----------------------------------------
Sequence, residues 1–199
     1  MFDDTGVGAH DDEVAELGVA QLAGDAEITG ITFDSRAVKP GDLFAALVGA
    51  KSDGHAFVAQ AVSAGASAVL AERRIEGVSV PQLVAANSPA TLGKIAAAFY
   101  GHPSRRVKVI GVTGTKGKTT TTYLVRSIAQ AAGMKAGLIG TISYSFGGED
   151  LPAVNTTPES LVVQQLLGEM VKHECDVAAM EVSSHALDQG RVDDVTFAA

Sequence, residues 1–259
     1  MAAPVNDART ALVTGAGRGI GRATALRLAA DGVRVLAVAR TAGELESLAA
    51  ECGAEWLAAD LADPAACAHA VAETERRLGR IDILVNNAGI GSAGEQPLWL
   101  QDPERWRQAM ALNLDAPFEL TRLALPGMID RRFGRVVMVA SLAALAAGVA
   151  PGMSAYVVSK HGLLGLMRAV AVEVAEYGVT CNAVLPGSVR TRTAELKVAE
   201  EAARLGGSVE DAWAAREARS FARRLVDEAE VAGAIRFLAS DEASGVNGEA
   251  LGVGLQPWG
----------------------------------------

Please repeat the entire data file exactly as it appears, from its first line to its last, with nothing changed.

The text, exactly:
Sequence, residues 1–199
     1  MFDDTGVGAH DDEVAELGVA QLAGDAEITG ITFDSRAVKP GDLFAALVGA
    51  KSDGHAFVAQ AVSAGASAVL AERRIEGVSV PQLVAANSPA TLGKIAAAFY
   101  GHPSRRVKVI GVTGTKGKTT TTYLVRSIAQ AAGMKAGLIG TISYSFGGED
   151  LPAVNTTPES LVVQQLLGEM VKHECDVAAM EVSSHALDQG RVDDVTFAA

Sequence, residues 1–259
     1  MAAPVNDART ALVTGAGRGI GRATALRLAA DGVRVLAVAR TAGELESLAA
    51  ECGAEWLAAD LADPAACAHA VAETERRLGR IDILVNNAGI GSAGEQPLWL
   101  QDPERWRQAM ALNLDAPFEL TRLALPGMID RRFGRVVMVA SLAALAAGVA
   151  PGMSAYVVSK HGLLGLMRAV AVEVAEYGVT CNAVLPGSVR TRTAELKVAE
   201  EAARLGGSVE DAWAAREARS FARRLVDEAE VAGAIRFLAS DEASGVNGEA
   251  LGVGLQPWG